“The good life is one guided by reason and motivated by love.” —Bertrand Russell
We all know that discourse in the United States today is ugly, as civility has been replaced by bitter reactive battles. Humanist activists are indeed involved in many of these battles, whether dealing with renewed forms of racism, economic exploitation, environmental destruction, religious wars, discrimination against seculars, or even sexism and misogyny in our own movement.
We are right to actively work on these important issues. We can’t allow the earth to be despoiled, we can’t sweep misogyny under the rug, and we have to expose the hidden racism that permeates political discourse.
At the same time, let’s not lose sight of our overall goal of building a world of greater human and global welfare. All of our specific activism is ultimately in the service of creating a better, more civilized society.
Societies whose citizens share a modest level of trust in each other are the most successful and happiest. Look at Denmark, the happiest country in the world according to the UN’s World Happiness Report and the one with the most mutual trust. This is a realistic goal for the United States, despite Denmark’s greater homogeneity. While pursuing our activism we need to build a society of trust, a society where forgiveness, compassion, solidarity, and redemption are possible—a society where we heal the wounds of the past and restore mutual trust, communication, and, dare I say, even love. Too sappy? I think not. I think Denmark.
Even the supreme rationalist Bertrand Russell knew that love is at the heart of our best motivations.
Our tribal nature always pulls us toward polarizing conflicts, while the higher calling of civilization demands that we listen to others, build relations, and really see the inherent worth of other people. In Europe, following the philosophy of Jürgen Habermas, there is widespread support for using “communicative action” to patiently develop lines of communication among different actors in society. The fractures within our own lives, the earth, and our society can heal, but we are caught in the dilemma of being strong activists and, at the same time, needing to bind the wounds of our culture. I don’t think the question is one of making a choice between being the educator/diplomat or the ardent activist. We have to do both and bring about a higher civil culture than the present day mosh pit we find ourselves in.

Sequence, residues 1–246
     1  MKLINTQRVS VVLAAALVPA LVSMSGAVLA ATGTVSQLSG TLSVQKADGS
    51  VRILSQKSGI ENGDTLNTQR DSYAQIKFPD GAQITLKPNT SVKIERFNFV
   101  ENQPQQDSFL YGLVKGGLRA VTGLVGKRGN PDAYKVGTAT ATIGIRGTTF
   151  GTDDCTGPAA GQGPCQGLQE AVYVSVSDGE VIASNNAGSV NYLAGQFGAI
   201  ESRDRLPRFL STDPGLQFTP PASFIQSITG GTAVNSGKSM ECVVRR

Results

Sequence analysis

With so many issues confronting us, it’s easy to become reactive and lose sight of our overall goal, which is not church and state separation or economic justice. Our overall goal is making the good life possible for ourselves and others.
The secular revolution means that we are becoming surprisingly mainstream, and that requires a reorientation of our identity in response to the new challenges that await us. A different set of skills is required for being an activist versus developing a caring and trusting higher culture. I am guilty of the following easy response, “I can’t deal with those jerks on the right and I will fight them in court.” The harder tack is to ask ourselves, “How can I open up a conversation on the issue and bend the needle towards mutual understanding, trust, and advancement of core values?” It sometimes seems so fruitless or even hurtful to your cause to enter into dialogue. It feels like giving in to the wrong when we know we’re in the right, which we may very well be, but so what? Do you want to be right or do you want to be effective?
The Internet, talk radio, and oppositional television programming have changed the ways in which our culture deals with conflict and this has resulted in depersonalized relations, the culture wars, and the commonplace language of hatred and violence. Civility, trust, healing, and redemption need nurturing in all of us.
Let’s continue to stand for justice, freedom, equality, and reason, and at the same time stand for compassion, understanding, forgiveness, tolerance, trust, and love. If we don’t, history will not be kind to us.